In the 1980s, the term “world cinema” (akin to world music) was introduced as a marketing label for “ethnic” and “other” cinema, a perspective that triggered a heated debate in film and cultural studies: world seemed to automatically designate “the world as seen by the West,” relegating non-Western cultures to a position of marginality. In this context, seminal essays published in Latin America two decades earlier, including Glauber Rocha’s “Aesthetics of Hunger” (1965) and Julio García Espinosa’s “For an Imperfect Cinema” (1969), came back into play. Of particular importance was Fernando Solanas and Octavio Getino’s manifesto “Toward a Third Cinema” (1969), which advocated for a collective, militant, anti-imperialist, and revolutionary cinema in ideological opposition to Hollywood (First Cinema) and auteur cinema and the various new waves (Second Cinema). However, in this provocative text, Solanas and Getino insisted that each of the three cinemas could appear in any part of the world—Third Cinema in the United States, Second Cinema in Brazil, First Cinema in Nigeria. That is, these three cinemas could occupy a virtual and transnational space rather than a geographical one. Over the years, the concept of world cinema has progressively been reconfigured in this way, overcoming the established model of center vs. periphery.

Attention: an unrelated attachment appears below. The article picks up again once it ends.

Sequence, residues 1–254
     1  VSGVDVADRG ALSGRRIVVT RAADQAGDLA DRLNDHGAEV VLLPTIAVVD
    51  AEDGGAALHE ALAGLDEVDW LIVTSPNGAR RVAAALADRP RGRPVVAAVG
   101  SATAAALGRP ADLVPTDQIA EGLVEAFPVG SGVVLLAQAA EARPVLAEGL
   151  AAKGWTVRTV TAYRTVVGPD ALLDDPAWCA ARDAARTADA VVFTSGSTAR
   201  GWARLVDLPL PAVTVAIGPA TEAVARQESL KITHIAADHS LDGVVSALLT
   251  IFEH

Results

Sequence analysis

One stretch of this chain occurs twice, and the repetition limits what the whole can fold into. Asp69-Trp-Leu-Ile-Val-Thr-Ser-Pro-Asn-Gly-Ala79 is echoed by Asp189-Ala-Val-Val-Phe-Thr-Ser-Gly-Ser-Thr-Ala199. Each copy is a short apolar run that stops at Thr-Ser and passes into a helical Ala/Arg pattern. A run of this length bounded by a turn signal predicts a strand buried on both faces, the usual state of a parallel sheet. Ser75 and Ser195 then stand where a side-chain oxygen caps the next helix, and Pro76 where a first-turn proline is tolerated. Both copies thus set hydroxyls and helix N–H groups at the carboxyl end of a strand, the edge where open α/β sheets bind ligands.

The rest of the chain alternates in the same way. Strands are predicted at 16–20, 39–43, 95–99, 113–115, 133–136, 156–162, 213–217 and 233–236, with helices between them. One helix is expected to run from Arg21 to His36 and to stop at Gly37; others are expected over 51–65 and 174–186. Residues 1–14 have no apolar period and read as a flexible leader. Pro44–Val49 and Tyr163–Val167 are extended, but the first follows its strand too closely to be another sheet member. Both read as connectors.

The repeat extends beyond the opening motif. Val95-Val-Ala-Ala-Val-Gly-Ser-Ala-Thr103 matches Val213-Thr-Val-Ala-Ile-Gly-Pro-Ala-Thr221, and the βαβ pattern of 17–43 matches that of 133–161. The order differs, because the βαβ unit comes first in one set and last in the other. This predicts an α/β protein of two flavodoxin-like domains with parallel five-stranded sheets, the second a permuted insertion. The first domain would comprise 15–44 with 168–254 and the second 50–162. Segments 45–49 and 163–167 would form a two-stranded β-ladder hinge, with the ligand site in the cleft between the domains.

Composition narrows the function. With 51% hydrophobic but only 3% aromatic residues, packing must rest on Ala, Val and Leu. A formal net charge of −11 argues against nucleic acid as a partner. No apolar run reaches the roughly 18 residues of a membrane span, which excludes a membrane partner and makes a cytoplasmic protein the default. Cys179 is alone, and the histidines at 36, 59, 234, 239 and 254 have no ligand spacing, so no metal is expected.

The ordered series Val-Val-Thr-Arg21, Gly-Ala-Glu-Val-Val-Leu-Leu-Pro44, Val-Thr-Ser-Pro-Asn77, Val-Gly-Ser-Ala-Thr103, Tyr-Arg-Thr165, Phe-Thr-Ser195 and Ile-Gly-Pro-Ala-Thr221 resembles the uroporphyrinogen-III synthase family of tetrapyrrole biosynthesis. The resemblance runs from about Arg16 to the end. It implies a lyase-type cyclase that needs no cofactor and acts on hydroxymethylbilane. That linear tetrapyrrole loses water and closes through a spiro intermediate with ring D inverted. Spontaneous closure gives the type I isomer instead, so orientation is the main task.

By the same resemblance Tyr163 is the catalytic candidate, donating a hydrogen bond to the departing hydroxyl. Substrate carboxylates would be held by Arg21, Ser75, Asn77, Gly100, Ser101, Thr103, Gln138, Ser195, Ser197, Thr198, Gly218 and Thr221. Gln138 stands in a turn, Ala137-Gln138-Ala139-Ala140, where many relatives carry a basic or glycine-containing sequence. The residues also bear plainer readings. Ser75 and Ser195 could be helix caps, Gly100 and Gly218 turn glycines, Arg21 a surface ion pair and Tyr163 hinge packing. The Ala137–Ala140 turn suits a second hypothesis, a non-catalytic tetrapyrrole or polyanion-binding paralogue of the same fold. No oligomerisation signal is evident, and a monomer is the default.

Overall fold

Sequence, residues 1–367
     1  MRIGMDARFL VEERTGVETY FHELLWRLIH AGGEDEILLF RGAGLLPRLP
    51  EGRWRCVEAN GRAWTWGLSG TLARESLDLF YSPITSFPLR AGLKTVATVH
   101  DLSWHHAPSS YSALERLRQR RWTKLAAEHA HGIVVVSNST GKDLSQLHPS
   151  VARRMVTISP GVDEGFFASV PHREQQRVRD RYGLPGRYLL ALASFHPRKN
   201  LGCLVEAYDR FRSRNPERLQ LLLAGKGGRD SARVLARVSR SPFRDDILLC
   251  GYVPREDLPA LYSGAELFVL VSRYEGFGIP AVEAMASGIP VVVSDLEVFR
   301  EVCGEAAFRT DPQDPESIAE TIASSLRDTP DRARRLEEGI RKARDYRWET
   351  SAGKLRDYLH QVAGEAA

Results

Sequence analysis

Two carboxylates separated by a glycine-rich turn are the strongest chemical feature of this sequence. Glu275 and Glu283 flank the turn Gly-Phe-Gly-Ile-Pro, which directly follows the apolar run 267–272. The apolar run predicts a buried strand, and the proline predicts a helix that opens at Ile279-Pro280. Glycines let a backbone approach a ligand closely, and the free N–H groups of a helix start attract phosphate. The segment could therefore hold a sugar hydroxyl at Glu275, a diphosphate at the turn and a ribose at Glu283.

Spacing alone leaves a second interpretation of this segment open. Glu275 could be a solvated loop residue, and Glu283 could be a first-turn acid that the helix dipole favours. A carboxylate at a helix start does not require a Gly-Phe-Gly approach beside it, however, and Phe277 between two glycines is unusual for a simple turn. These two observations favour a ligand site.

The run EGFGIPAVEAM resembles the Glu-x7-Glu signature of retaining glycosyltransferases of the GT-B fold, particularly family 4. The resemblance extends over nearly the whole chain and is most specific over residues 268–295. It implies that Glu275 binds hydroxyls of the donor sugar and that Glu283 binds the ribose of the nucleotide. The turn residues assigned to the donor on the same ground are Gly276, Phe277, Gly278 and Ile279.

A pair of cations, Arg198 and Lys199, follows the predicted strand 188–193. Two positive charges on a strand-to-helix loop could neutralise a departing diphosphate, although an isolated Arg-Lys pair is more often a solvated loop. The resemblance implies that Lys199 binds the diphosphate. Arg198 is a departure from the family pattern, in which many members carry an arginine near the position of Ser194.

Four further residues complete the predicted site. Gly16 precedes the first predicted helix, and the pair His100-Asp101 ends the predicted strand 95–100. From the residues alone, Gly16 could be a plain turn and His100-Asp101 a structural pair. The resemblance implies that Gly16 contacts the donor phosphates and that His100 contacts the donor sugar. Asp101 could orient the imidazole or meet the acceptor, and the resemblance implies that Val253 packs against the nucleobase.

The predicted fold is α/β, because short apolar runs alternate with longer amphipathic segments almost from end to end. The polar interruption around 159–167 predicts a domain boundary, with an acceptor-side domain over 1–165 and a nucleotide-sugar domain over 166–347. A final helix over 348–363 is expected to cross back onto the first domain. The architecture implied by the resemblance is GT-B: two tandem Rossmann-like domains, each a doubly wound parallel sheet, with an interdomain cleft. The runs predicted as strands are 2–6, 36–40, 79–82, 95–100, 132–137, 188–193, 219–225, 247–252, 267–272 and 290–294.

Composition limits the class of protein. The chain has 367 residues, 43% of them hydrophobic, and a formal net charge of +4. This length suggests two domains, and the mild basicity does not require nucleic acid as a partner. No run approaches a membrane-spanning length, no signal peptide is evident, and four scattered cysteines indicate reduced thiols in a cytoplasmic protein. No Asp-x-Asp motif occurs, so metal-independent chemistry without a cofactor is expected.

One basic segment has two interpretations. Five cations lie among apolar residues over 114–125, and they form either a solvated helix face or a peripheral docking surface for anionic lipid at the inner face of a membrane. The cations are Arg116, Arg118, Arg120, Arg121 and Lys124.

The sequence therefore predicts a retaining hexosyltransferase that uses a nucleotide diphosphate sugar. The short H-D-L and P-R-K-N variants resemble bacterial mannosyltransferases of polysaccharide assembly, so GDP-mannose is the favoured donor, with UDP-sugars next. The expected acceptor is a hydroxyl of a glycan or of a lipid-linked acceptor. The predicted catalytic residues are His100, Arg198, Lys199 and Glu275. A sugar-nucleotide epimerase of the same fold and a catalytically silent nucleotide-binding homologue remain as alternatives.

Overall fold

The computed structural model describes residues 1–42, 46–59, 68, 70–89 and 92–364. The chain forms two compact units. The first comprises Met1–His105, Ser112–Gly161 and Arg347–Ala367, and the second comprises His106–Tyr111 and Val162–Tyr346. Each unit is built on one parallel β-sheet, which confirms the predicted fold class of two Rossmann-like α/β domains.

Film restoration can support this reconfiguration, becoming a powerful vehicle for imagining and rewriting multiple histories of cinema and addressing questions of cultural identity and representation. It can, for instance, provide new exposure to films that were once considered not canonical enough or commercially unviable, or, on the other hand, to films recognized as national landmarks but that never achieved conventional forms of international distribution. Films that were banned, censored, or reedited to the point that they lost their raison d’être can be reconstructed to the form in which they were originally intended to be seen, and thus reclaim their places in film history. Anticolonial films, struck on second-rate stock and then lost in the deep storage of European archives, can be appreciated anew. Underground films can resurface from the black market and be widely exhibited. Through its ethics and practices, restoration can be a critical act, an act of cultural resistance.